The New Britannia gold mill remains ahead of the original schedule as the first gold pour is expected this month and the copper flotation circuit remains on track for commissioning and ramp up by the end of the year. We expect to see increased cash flows from these high return investments beginning in the second half of 2021.

In this presentation today, I'll touch on our second quarter results, discuss the progress we've made in our growth and ESG initiatives in more detail and recap the many near-term catalysts we have ahead. Second quarter consolidated copper production was 23,500 tonnes, a 4% decrease from the first quarter of 2021. This was primarily as a result of lower copper grades at the 777 mine in Manitoba, partially offset by a higher throughput at the Constancia operation in Peru.

Consolidated gold production was approximately 40,000 ounces, an increase of 12% compared to the previous quarter due to record gold production achieved in Peru from Pampacancha. Consolidated zinc production in the quarter decreased by 23% while silver production decreased by 2% versus the first quarter, primarily as a result of lower grades and recoveries.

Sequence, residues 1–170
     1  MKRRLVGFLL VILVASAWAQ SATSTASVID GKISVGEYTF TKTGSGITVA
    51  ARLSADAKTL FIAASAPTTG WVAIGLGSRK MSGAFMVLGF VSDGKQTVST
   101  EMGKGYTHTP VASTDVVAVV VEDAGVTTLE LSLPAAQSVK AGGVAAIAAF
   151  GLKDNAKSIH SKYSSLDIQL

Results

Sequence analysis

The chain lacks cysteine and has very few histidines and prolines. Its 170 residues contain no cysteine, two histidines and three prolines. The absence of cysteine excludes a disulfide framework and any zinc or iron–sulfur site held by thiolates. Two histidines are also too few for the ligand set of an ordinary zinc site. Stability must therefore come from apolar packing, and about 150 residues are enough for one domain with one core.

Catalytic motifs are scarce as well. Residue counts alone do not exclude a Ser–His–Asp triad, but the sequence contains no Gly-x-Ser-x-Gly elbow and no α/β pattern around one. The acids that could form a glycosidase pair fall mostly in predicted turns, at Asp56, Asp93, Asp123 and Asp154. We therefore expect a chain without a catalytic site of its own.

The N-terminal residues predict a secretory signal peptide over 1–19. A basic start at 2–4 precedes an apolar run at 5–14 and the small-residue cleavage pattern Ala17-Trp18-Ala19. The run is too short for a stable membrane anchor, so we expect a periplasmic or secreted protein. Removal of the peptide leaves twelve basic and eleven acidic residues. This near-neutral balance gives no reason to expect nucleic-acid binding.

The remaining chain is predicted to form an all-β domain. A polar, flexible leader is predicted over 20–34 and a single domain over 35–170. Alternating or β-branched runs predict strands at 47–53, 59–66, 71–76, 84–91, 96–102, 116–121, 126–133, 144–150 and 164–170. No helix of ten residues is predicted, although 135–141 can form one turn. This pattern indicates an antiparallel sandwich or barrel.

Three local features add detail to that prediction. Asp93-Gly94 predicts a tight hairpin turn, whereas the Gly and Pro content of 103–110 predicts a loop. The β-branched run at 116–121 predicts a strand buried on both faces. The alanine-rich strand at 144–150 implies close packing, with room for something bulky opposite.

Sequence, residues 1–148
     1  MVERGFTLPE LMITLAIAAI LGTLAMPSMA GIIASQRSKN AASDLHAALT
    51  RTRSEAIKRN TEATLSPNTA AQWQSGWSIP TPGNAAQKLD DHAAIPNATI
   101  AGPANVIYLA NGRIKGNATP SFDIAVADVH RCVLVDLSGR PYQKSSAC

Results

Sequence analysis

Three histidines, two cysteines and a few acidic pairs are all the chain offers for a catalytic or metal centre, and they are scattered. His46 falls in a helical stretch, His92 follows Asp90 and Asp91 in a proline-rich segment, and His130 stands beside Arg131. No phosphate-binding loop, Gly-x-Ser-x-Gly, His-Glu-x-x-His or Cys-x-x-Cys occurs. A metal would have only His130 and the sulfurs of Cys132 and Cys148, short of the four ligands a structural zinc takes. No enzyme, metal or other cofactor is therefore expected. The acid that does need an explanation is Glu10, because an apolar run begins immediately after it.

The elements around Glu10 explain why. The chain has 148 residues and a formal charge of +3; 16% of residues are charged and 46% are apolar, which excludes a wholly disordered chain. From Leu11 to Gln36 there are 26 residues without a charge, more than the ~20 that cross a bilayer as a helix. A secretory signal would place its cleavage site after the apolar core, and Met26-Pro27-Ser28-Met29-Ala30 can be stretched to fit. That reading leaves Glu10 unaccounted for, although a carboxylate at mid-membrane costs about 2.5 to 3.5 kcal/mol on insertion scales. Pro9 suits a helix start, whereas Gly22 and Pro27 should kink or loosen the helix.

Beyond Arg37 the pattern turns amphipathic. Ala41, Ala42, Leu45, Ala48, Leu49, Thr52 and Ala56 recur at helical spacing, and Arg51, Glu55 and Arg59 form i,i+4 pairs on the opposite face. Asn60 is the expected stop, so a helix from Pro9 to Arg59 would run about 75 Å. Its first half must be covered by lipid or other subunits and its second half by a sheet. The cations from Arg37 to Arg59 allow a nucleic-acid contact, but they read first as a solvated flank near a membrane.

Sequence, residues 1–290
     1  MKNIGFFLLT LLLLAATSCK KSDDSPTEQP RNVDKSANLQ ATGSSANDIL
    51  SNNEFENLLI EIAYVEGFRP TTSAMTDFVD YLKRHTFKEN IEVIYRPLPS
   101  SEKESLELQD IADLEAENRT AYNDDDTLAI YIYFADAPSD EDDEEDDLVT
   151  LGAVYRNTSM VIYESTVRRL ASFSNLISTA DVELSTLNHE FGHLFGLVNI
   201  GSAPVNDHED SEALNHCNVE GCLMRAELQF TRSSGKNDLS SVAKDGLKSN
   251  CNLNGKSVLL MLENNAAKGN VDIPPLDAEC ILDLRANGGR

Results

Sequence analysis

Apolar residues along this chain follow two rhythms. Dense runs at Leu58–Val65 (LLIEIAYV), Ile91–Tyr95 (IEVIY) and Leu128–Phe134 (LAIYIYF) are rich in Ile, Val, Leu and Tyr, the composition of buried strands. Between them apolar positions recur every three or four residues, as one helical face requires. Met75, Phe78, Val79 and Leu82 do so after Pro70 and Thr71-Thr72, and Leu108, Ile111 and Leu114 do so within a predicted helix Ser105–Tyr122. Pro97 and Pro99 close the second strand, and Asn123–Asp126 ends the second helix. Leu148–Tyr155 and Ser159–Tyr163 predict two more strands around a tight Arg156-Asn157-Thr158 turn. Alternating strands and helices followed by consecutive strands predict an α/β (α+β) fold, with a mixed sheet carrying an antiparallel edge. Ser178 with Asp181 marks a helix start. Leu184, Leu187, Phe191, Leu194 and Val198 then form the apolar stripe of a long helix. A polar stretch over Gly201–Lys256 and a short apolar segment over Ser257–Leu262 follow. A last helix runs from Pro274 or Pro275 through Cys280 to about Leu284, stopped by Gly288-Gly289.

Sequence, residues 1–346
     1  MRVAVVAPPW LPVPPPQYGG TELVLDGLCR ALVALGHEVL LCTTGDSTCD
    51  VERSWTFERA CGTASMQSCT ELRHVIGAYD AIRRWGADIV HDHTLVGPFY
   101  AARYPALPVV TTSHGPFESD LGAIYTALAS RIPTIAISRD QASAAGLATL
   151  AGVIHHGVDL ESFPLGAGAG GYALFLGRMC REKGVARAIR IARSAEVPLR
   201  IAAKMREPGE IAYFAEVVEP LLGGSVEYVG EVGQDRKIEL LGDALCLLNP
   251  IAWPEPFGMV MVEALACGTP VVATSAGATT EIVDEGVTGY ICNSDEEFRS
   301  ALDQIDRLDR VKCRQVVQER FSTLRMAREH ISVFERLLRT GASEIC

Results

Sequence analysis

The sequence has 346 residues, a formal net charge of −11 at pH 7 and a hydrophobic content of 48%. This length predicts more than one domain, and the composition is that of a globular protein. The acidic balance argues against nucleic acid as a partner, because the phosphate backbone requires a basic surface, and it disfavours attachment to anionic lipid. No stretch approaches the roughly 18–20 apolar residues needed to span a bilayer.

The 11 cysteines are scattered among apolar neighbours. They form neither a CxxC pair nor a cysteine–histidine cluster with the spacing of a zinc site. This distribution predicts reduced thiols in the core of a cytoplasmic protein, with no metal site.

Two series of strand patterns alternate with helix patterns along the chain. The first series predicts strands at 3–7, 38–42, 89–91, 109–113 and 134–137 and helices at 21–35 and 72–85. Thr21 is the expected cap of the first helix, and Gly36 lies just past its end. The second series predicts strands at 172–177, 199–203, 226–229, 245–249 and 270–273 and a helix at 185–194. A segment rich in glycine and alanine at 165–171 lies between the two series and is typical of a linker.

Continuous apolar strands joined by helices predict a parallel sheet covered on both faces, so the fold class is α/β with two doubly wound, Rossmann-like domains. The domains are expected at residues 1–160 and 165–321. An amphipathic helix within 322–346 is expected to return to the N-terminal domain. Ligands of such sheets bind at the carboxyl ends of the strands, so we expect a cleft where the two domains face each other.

Consolidated cash cost per pound of copper produced was $0.84 in the second quarter, an improvement over the first quarter mainly due to higher byproduct credits. Sustaining cash costs increased to $2.25 per pound in the second quarter, primarily due to highest sustaining capital expenditures, partially offset by higher byproduct credits. We continue to expect consolidated cash costs and sustaining cash costs to be within our annual guidance ranges for 2021.